- Human Nature & the Nature of Hunting
Human Nature & the Nature of Hunting
I am a hunter.
It’s simple. And it’s complicated. It’s simple because it’s part of my heritage, my instinct and my being. It’s complicated because it’s not that way for everyone. Although, it was at one time. Hunting wasn’t like this in the past.
The word “simple” has alternate definitions. In this case, as an adjective, it is defined as: easily understood. In our past, it was easily understood because it was essential for survival. Back then, there were fewer options to obtain food than there are today and, therefore, hunting was an undisputed necessity.
Hunting was also “simple” because it was free of criticism. Our ancestors of years ago did not complicate the deed of hunting with sentimental emotions. Everyone relied on it to live. Including those that did not hunt. Today, gathering food has been made easy for us through modern access to markets and grocery stores. Meanwhile, the morality of hunting is heavily scrutinized and the world’s increasing population drives high demands for regulations and long-term strategies in conservation.
Perception Is Reality
I wonder, would the hunters that began the movement of conservation be shocked at how the emotional backlash is impacting today’s hunters? If, for instance, we have to put a stop to hunting buffalo for the survival of them as a species, does that make it bad and unnecessary?
Perception is reality, even when perception is wrong. Since food has become easier to acquire, how it got there is taken for granted and the concept of hunting and its role becomes lost or misunderstood. Perception is reality, even when perception is wrong.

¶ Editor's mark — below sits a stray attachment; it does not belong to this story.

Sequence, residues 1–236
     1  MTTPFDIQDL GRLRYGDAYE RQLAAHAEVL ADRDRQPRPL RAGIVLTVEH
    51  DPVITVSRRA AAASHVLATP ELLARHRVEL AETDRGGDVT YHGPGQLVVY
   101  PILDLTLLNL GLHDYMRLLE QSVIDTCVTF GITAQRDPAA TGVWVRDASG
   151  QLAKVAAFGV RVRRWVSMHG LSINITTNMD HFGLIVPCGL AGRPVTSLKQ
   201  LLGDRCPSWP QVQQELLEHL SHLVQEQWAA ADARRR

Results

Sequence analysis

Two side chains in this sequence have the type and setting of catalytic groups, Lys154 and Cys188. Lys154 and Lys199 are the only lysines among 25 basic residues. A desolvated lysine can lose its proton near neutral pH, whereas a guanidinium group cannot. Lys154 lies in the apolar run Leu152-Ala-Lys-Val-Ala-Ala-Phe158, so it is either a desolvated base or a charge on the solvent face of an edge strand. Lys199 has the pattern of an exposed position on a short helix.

The act of hunting has never been easy. Animals are constructed to survive and evade predators. Combining that with certain emotions, hunting is no longer simple at all. When animals prey on each other, it is instinctual. No one complicates matters there—it’s simple. They say, “That’s nature.” When did humans become separate from the natural world?
Humans were created by God as omnivores, with some of the same traits as predators in the animal kingdom.
I have canines, molars and incisors. My body and mind is built for hunting. Therefore, I am simply a hunter. Yes, as humans we are also highly intelligent and complex, but this is what gives us the advantage to truly understand our responsibility of ensuring the future of our hunting heritage.
Some answers to preserving hunting are simple. We must all band together and support every legal means of hunting. Regulations must only be based on science. We don’t need to apologize for hunting but we can be respectful. Both to our prey and non-hunting humans. Arrogance and ego make that complicated. If someone changes their behavior based on emotion and external stimuli I am understanding of that. When those people try to change a hunter’s behavior, I have a problem with that.
Are you contributing more to the simplification or complication of hunting?
Mike Larsen has hunted and fished his entire life. He’s a veteran, GoWild Field Staff member and contributor.